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Monadic unaccusative verbs

Unaccusative verbs are verbs that do not have an external argument, such as an agent, to fill the role of subject. Their overt subject performs a role that is typical of the internal arguments, such as a theme role. A distinction can be drawn between monadic and dyadic unaccusative verbs, as illustrated by example (1) and (2), with one or two arguments respectively. A monadic unaccusative has a single argument, the theme, which performs the subject role, while a dyadic unaccusative has a theme and another argument, usually the experiencer, where the latter performs the role of indirect object.

Die inflasiekoers styg al weer.
[(SUB) die inflasiekoers] styg al weer.
The inflation rate rises again.
[Monadic unaccusative]
Die styging in inflasie het ekonome teleurgestel.
[(SUB) Die styging in inflasie] het [(IO) ekonome] teleurgestel.
The rise in inflation disappointed economists.
[Dyadic unaccusative]

On the surface, monodic unaccusatives appear to be like intransitive verbs, but there are a number of clear syntactic differences that relate to the semantic difference associated with the different thematic roles of the arguments. The subject of an intransitive verb is typically the agent who is responsible for the activity of the verb to be performed, such as running or breathing, whereas the subject of a monadic unaccusative verb is typically the theme that undergoes the process, such as falling or dying, rather than somebody who performs the action. Something happens to a theme, a theme does not make something happen, and thus semantically, the unaccusative verbs can denote non-agentive events and accomplishments quite readily. The contrast is illustrated by example (3) and (4).

a. Die kind draf deur die veld.
The child runs through the fields.
b. Die pasiënt het met moeite asemgehaal.
The patient breathed with difficulty.
[Intransitive verbs with agents]
a. Die kind val oor die klip.
The child falls over the rock.
b. Die pasiënt het gesterf.
The patient died.
[Unaccusative verbs with themes]

The subject of a monadic unaccusative verb need not be animate. This is in contrast to intransitives, where the subject has to be animate to execute the activity, or else be some kind of force that can act as the cause of an action. Things can happen to animate and inanimate subjects alike, and therefore a number of unaccusative verbs are equally compatible with animate and inanimate subjects, as illustrated by the verbs groei to grow and dryf to float in example (5) and (6).

a. Die tienerseun groei vir 'n vale.
The teenage boy grows like mad.
b. Die wêreldekonomie groei teen ongeveer 1% per jaar sedert 1800.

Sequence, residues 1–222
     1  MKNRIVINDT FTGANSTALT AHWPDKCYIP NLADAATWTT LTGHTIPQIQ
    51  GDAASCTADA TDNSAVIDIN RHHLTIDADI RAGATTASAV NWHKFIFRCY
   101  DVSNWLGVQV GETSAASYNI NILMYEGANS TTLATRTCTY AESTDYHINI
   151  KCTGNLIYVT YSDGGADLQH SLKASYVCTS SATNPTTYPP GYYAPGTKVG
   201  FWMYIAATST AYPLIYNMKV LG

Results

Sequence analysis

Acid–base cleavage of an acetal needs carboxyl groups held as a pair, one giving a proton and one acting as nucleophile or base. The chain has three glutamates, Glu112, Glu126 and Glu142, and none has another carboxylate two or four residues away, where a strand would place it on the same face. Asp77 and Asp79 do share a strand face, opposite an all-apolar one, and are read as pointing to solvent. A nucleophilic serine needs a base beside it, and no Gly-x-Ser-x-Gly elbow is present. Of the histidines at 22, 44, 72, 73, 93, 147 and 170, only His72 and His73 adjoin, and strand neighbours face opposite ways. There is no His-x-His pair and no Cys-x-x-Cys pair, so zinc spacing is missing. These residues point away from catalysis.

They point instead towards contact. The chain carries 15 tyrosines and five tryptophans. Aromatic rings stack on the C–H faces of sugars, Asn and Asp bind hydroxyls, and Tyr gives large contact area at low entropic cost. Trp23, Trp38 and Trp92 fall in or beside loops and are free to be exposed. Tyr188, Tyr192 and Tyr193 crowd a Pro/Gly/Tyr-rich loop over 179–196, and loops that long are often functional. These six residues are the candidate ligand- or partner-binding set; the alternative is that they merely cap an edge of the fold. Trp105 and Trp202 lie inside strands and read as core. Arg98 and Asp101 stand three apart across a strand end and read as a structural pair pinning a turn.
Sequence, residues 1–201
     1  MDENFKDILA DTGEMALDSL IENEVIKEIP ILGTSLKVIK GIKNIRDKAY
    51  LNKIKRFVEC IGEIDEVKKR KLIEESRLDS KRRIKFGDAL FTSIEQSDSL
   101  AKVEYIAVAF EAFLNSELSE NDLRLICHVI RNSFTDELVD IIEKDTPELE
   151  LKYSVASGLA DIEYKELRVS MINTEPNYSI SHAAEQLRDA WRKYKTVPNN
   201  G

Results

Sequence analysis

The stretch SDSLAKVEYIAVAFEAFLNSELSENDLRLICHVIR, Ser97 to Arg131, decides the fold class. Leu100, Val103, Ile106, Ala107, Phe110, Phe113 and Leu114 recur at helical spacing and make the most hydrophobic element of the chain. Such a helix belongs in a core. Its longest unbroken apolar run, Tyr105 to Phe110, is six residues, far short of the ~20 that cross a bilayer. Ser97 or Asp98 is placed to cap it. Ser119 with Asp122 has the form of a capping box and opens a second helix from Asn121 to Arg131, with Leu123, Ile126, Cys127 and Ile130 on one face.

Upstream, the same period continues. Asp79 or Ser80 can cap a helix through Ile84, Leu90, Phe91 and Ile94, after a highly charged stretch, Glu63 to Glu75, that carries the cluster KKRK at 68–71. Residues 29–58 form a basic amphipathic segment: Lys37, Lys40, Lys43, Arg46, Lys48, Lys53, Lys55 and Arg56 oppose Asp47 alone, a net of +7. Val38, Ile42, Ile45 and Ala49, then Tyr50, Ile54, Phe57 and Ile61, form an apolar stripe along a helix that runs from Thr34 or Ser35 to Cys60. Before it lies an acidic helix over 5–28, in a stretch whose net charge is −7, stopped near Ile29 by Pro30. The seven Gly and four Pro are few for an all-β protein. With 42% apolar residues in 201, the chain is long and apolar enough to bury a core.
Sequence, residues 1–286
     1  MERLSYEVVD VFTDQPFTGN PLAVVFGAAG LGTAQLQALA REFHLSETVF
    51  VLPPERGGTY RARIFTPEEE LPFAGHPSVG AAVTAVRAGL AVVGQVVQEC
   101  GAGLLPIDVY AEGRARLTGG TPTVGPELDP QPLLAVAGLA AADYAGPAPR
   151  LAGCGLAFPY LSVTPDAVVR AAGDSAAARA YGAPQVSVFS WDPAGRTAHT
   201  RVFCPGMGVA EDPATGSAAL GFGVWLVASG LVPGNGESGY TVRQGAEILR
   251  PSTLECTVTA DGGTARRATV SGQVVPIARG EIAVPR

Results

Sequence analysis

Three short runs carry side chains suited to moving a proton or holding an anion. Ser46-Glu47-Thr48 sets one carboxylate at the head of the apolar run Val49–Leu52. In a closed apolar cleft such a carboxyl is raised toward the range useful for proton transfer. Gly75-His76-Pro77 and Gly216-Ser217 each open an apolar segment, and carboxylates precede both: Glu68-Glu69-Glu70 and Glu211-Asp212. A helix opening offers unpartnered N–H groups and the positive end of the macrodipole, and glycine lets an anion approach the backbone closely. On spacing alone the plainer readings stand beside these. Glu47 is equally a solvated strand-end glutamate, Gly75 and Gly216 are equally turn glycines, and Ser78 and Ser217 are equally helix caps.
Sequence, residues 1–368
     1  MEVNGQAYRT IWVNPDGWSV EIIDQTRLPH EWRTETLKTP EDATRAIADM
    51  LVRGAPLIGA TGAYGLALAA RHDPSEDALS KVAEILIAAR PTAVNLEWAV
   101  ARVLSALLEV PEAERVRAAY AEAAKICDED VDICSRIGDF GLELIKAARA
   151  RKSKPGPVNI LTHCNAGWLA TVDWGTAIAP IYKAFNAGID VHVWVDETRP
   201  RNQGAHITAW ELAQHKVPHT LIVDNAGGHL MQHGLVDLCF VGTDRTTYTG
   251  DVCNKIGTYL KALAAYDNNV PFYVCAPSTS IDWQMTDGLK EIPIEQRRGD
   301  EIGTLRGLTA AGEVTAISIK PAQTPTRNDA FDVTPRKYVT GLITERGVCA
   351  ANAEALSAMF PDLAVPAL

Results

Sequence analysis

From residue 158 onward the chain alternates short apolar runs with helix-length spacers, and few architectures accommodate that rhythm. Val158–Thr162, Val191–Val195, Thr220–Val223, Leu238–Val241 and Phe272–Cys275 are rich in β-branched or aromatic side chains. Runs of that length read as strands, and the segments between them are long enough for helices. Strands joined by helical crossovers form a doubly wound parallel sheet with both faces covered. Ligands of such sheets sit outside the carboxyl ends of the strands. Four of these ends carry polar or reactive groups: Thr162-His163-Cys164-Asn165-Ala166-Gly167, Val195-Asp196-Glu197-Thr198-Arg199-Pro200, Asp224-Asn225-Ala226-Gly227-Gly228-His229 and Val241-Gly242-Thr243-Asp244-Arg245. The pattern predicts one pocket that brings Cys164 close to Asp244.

The world econony has been growing at a rate of approximate 1% since 1800.
a. 'n Paar branderplankryers dryf op die water.
A few surfers float on the water.
b. Die lyk / Die branderplank dryf op die water.
The body / The surfboard floats on the water.
[+]-er nominalisation

Unaccusative verbs, with an internal argument as subject, are not compatible with the formation of -er-nominalisations, which is one of the clear differences between monadic unaccusative verbs and intransitive verbs. Because the meaning of nouns formed from verbs with the suffix -er is typically "the one(s) performing the action of VERB", words like the following are not attested in Afrikaans:

  • *groei·er grower < Iets groei. Something grows.
  • *sterw·er dier < Hy sterf. He dies.
  • *vall·er faller < Sy val. She falls.
[+]Attributive use of present and past participle

The past participle derived from a verb usually has a passive meaning, and implicitly takes the internal argument of the verb as its object. It can therefore be used attributively in a noun phrase to pre-modify a noun that is interpreted as the theme of that verb, but not as its agent. In view of this, unaccusative verbs are compatible with the formation of past participles. Unaccusative verbs are also available for the formation of present participles, since the present participle is interpreted as pertaining to the surface subject of the implied clause, irrespective of the thematic role of that subject. These options are illustrated in example (7).

a. Die soldaat sterf.
The soldier dies.
a.' Die gestorwe soldaat.
The died soldier (=the soldier who has died).
a.'' Die sterwende soldaat.
The dying soldier (=the soldier who is in the process of dying).
b. Die glas breek.
The glass breaks.
b.' Die gebreekte glas.
The broken glass.
b.'' Die brekende glas.
The breaking glass.
[+]Passivisation of unaccusative verbs

Monadic unaccusative verbs in Afrikaans are not compatible with the regular passive construction, nor with the impersonal passive.

Using the regular passive with some unaccusative verbs change the reading of the verb from unaccusative to transitive, meaning that some agentive or causative force is implied (or even overtly stated) in the regular passive, as illustrated by example (8). The breaking of waves is not typically construed as an outcome of an agentive act, and therefore not available for passivisation as shown in (8a), whereas the ritual breaking of bread during holy communion – by a minister of the church – is clearly an agentive achievement, and therefore available for passivisation, but then in the transitive and not the unaccusative reading of the verb. The same limitation applies to the use of the unaccusative with the impersonal passive, as illustrated by the pair in (9).

a. *Die golwe word gebreek.
The waves are being broken/The waves are broken.
b. Die brood word gebreek (deur die predikant).
The bread is broken (by the minister).
a. *Daar word golwe gebreek.
There are waves being broken.
b. Daar word brood gebreek.
There is bread being broken./Bread is (being) broken.
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